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First, we need to think about stopping ourselves before that initial purchase. Who made the garments? What conditions do they work under? Where did the materials come from? Are there any toxic materials involved? How far were they shipped? Do we really need another _______________ (fill in the blank)? These questions should stop us in our tracks - that is, if we really look for the answers. Then later, once clothes have made it to our pile, we need to ask some other questions. Who will want to wear those items? Are they still functional? Would we give them to our best friend? Would anyone want to wear the poorly constructed, uncomfortable, torn and/or stained items in the pile? Do we notice naked people in this country? Is it better to ship said sad items overseas for people who truly don't have the resources to buy clothes or is it better to donate the money we would have spent on clothes to a good cause so people can choose their own new, clean, and functional clothing? See where I'm going with this.
A friend of mine recently returned from a trip to Burundi where she had visited her daughter who works for a nonprofit there. She was showing pictures of some of the children she met, all of them beautiful yet sad at the same time because they were all wearing what were obviously discards from people in the US. It really hit me hard when I saw a little boy wearing what I realized was a pajama top identical to one my daughter bought from Target years ago. Although I'm pretty sure it wasn't hers since she wore her's to death, there's a very, very slim possibility that it was - I may have donated it, even though it was really completely worn out. Why do we think it's okay for children overseas to wear our old clothes?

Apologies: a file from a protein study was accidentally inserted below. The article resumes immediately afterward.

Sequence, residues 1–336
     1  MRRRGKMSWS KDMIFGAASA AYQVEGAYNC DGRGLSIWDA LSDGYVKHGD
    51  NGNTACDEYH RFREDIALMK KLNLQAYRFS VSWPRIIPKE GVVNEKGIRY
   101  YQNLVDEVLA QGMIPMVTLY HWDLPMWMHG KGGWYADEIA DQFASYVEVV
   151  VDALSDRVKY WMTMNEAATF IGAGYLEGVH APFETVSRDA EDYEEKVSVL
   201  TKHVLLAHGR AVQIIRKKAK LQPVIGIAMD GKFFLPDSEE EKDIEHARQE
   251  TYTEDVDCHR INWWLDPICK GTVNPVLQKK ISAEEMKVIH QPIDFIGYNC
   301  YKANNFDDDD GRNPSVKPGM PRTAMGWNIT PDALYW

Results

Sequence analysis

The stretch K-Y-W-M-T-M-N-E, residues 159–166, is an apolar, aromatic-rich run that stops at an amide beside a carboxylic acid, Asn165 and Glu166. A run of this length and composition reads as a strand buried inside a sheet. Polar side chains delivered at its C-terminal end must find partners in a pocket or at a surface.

Bottom Line: Putting your discarded clothing in a pile to go to charity is not necessarily a good thing. There are better ways to help.
Here's the article that got me thinking about this topic: